Culture shock

For weeks I was feeling categorically tired to the point of considering having my blood tested for anemia, constantly irritated by the smallest of things and generally uninterested in meeting people and engaging myself in activities. Then I overheard the words ‘culture shock’ in a conversation and something clicked.

Now Wikipedia may not be the best of online sources on this topic, but it has one thing to say that really hit home this time:

Many people are handicapped by its presence and do not recognize what is bothering them.

It’s not the first time I’m experiencing a culture shock, but it’s certainly the first time I’m facing one this severe and for a prolonged period. After the familiar first signs of culture shock had passed I genuinely thought I was over it and when things took a turn for the worse it never crossed my mind that rather than being over it I was in fact getting deeper into it. Below is a simple world cloud of the most common symptoms of culture shock, created with Wordle, one of my favourite online toys (you can click on the picture to make it bigger if you want to see it properly). A simple online search can result in an impressive list of symptoms of culture shock, many of which I could easily see in myself:

  • Irritability – it could be anything from the traffic to the fact that my bathroom floor had not been cleaned or that the office had ran out of toilet paper;
  • Fatigue and need for excessive sleep – even for me averaging 10 hours of sleep a night is excessive and while it is said that sleeping too much can make you drowsy,  it made absolutely no difference to my energy levels whether I was sleeping six, eight or 10 hours a night;
  • Preoccupation about returning home – as lovely as it will be to go home for Christmas, starting a countdown to December six months early is ridiculous by any standard;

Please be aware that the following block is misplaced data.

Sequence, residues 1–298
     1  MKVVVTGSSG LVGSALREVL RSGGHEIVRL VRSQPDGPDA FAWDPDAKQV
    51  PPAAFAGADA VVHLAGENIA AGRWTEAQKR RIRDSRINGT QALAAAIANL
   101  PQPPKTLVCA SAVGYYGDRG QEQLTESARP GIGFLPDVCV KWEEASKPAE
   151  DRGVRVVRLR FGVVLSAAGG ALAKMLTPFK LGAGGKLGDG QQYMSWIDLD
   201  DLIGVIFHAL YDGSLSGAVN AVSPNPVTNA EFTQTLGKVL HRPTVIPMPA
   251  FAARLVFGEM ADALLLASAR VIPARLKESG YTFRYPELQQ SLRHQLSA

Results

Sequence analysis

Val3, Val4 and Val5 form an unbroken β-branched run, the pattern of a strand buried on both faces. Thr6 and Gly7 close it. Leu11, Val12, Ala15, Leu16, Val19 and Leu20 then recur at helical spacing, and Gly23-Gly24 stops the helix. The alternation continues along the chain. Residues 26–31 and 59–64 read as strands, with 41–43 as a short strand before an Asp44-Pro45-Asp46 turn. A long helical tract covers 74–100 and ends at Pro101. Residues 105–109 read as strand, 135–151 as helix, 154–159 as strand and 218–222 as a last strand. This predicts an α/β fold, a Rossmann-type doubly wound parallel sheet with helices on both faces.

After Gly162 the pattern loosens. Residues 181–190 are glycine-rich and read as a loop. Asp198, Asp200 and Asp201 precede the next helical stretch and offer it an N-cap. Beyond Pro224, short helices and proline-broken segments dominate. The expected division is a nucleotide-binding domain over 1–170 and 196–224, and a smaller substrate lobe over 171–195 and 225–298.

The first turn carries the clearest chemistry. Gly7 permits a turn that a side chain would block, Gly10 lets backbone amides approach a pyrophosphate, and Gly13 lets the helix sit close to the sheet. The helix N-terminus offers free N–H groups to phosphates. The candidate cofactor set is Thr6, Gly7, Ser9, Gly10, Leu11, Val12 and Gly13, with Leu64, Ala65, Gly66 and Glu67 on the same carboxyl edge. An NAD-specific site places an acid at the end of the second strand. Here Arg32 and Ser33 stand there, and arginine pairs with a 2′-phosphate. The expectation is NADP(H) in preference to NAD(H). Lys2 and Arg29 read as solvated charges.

• Physiological stress reactions – two months into the rainy season I was getting pretty good with avoiding dehydration yet I was experiencing constant headaches and upset tummy episodes;
  • Withdrawal and unwillingness to socialise – best noted with my increasing unenthusiasm towards Couch Surfing along with an unusual creativity in making excuses not to do things.

Relieved of the fact that I’m probably not clinically depressed or the most anti-social and loneliest expat alive, I started to look into how I could possibly make myself feel a bit better. Surprisingly enough, the mere awareness of going through a particularly rough patch in my cultural adjustment process made a big difference in how I felt getting up from bed this morning. There are other things I can try too: I will start by getting to know this culture better, maybe read a book or two. I could start from a set of mysteries set in Laos, Colin Cotterill’s Dr Siri Payboun series. I will also have a brief go at being a tourist in Laos by heading to Luang Prabang this weekend. I’ve also committed to eight weeks of structural yoga therapy, which I hope will not only yield some positive changes in my body but also help me fill the time left over from ultimate while I wait for the next dry season.


2 thoughts on “Culture shock

  1. Living in Scotland is having a similar effect on me :-). Luang Prabang is amazing if you haven’t already been and i’m sure the Yoga will sort you out nice and proper. I hope you’re feeling better soon!

    • I agree, Luang Prabang is amazing, it’s so beautiful and friendly (much more so than Vientiane) and the food is great 🙂 Stay tuned for some pictures to refresh your memories… Hope Edinburgh works out for you sooner than later with all that fresh air, the hills and those hilarious steel cows all over the city x

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